900th boat receives ORR-Ez certificate
The milestone certificate was generated with the ORR's proprietary build-a-boat tool The milestone certificate was generated with the ORR's proprietary build-a-boat tool, providing a VPP-based rating for the Morris M36 Helene, owned by Peter Ellis of Chicago. Posted on 26 Aug 2020
Handicapping the Bayview Mackinac Race
Standardized data, more competitive racing The Bayview Mackinac Race is an institution in the region, ranking as a pilgrimage for racing sailors, many of whom are proud members of the Old Goats Society, a distinction reserved for sailors who have completed the race 25 times or more. Posted on 21 May 2020
"A Year of ORR Racing - America's Choice"
Take a pictorial and video journey through a season of events Take a pictorial and video journey through a season of events with the Offshore Racing Rule (ORR) and Jim Teeters, Technical Director. Posted on 20 Apr 2020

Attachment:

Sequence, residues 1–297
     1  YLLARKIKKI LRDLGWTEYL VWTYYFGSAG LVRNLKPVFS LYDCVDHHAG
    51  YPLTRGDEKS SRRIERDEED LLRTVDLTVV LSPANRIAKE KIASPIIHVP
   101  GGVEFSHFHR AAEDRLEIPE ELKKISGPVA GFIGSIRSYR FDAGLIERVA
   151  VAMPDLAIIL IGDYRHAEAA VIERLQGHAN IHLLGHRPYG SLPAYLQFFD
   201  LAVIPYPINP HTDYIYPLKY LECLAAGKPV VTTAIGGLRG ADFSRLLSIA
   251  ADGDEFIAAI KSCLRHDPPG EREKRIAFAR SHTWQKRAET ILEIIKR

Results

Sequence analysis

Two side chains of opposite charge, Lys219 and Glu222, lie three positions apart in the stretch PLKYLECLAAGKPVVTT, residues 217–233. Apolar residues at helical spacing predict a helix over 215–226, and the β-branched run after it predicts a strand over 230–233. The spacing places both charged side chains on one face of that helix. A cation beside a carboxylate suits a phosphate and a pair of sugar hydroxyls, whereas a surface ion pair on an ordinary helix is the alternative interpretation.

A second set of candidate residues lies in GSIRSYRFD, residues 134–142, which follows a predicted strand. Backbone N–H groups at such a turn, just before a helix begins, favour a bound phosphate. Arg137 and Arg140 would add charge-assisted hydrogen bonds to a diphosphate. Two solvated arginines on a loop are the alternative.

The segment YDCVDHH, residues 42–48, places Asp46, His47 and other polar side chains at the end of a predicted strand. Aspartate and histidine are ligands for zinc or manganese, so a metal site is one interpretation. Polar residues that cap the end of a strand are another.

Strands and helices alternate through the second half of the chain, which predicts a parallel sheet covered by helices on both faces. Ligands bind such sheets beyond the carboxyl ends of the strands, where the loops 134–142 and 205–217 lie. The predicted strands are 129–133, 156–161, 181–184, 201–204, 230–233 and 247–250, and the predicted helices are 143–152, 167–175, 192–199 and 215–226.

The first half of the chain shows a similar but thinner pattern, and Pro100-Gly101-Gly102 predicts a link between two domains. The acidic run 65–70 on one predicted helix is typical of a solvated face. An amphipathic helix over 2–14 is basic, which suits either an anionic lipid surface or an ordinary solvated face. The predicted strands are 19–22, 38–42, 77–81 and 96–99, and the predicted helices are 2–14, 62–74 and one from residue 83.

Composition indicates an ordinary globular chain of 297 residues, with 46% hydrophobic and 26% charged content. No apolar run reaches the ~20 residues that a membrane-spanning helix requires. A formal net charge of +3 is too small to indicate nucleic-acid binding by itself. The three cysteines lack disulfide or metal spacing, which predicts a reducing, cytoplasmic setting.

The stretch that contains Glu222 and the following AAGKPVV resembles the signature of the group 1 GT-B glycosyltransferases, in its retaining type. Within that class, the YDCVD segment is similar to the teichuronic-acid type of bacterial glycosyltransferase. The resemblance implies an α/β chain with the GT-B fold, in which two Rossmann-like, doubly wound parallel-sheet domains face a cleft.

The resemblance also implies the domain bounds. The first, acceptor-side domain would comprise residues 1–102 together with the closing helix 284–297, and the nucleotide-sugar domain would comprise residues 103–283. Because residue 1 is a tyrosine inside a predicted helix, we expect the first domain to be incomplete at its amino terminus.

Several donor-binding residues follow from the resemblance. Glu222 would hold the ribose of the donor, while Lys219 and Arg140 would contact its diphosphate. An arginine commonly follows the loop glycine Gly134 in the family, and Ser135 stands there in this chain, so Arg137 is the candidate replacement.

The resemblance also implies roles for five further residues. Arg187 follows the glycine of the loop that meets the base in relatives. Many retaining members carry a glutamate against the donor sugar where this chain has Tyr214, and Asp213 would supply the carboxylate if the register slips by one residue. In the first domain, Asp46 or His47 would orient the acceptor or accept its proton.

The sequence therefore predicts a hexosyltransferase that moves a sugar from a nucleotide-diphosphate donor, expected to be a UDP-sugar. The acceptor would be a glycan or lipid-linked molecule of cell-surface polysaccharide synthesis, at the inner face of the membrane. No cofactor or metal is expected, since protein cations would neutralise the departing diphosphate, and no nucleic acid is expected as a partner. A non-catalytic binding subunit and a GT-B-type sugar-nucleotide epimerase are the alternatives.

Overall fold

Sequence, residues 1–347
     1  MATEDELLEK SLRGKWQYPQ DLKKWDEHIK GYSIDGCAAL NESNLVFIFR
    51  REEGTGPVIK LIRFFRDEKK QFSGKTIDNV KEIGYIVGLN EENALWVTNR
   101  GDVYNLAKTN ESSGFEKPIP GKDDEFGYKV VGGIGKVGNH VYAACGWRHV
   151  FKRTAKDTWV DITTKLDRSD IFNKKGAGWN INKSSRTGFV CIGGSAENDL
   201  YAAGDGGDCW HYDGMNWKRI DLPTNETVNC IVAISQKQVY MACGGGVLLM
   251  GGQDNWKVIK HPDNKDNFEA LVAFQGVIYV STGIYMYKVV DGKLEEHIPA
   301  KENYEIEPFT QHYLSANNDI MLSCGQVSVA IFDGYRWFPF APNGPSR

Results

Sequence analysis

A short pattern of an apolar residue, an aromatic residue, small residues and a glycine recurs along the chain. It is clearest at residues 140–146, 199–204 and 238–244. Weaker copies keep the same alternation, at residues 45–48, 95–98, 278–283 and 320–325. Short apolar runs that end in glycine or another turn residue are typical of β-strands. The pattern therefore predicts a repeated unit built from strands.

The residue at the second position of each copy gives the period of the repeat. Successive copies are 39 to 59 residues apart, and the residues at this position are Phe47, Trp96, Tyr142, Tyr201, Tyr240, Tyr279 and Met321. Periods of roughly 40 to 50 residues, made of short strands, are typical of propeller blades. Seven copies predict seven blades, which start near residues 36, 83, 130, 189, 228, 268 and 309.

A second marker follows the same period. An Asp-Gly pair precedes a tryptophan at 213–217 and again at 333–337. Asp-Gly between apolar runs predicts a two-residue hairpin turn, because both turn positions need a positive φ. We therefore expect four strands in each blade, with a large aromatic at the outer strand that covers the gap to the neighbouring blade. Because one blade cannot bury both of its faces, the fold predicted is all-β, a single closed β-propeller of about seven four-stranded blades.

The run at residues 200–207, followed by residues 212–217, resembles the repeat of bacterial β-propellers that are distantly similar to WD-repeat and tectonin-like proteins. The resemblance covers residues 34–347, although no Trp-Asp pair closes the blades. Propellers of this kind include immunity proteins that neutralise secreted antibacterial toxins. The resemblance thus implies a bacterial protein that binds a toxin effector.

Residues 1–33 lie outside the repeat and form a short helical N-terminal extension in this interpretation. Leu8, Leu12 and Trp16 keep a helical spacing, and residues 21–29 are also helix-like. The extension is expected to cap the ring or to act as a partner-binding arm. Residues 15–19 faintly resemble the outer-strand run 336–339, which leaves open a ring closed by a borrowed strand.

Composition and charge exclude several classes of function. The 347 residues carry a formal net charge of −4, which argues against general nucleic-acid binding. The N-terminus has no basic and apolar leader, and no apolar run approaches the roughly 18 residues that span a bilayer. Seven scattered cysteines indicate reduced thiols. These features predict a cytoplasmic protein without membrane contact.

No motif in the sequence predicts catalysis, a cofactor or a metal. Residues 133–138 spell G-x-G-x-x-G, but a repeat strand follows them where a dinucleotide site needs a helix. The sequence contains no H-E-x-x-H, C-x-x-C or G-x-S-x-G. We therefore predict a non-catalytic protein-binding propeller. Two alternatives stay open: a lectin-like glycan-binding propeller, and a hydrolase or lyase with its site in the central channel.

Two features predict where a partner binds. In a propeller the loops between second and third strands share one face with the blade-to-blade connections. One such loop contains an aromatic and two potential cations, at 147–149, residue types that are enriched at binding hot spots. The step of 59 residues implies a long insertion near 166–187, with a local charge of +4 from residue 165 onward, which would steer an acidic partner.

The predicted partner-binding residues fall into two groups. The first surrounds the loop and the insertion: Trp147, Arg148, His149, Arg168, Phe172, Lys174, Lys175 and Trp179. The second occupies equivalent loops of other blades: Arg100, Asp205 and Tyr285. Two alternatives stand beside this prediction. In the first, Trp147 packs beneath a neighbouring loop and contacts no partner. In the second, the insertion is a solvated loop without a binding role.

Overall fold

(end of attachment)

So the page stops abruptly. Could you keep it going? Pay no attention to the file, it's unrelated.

Joint data-quality initiative will improve rating
ORA and US Sailing launched a new initiative to significantly improve data collection ORA, owner of the ORR rating rule, and US Sailing have launched a new initiative to significantly improve data collection, input processes and quality control measures of boat measurement data in US Sailing's sailboat-measurement database. Posted on 16 Nov 2019
Not a Genoa. Not a Spinnaker. It's a Tweener!
ORR introduced ratings for boats carrying Large Roach Headsails In 2018, when the Offshore Racing Rule (ORR) introduced ratings for boats carrying Large Roach Headsails (LRH), some sailors thought the sails were unnecessary. A year later, consensus is building among sailors that the ORR made a good move. Posted on 11 Aug 2019
ORR-Ez continues growth in Spring 2019
The choice for hundreds of boats in top-end 2019 races Rating rules based on a Velocity Prediction Program (VPP) aren't for everyone, but more and more boats are being rated for scoring in 2019 under ORR rules, owned and managed by the Offshore Racing Association. Posted on 9 Jun 2019
The ORA H-Zero Handicap Analysis
Collaborative research by ORA with organizers of Bermuda races Collaborative research by the Offshore Racing Association with organizers of Bermuda races from Marion and Newport will use computer-modeled wind records known as H0 (Zero) GRIB files to enhance handicapping methodologies for future Bermuda Posted on 25 Apr 2019
J Composites 2022 - J99 FOOTERMcConaghy 2022 - MC63p & MC75 FOOTERRS Sailing 2021 - FOOTER